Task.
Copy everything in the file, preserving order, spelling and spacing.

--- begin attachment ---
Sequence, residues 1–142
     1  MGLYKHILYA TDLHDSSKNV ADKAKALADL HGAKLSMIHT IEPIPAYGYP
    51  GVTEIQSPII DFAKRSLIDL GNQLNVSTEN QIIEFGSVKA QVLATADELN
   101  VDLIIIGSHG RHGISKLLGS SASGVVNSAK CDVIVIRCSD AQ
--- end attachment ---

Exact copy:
Sequence, residues 1–142
     1  MGLYKHILYA TDLHDSSKNV ADKAKALADL HGAKLSMIHT IEPIPAYGYP
    51  GVTEIQSPII DFAKRSLIDL GNQLNVSTEN QIIEFGSVKA QVLATADELN
   101  VDLIIIGSHG RHGISKLLGS SASGVVNSAK CDVIVIRCSD AQ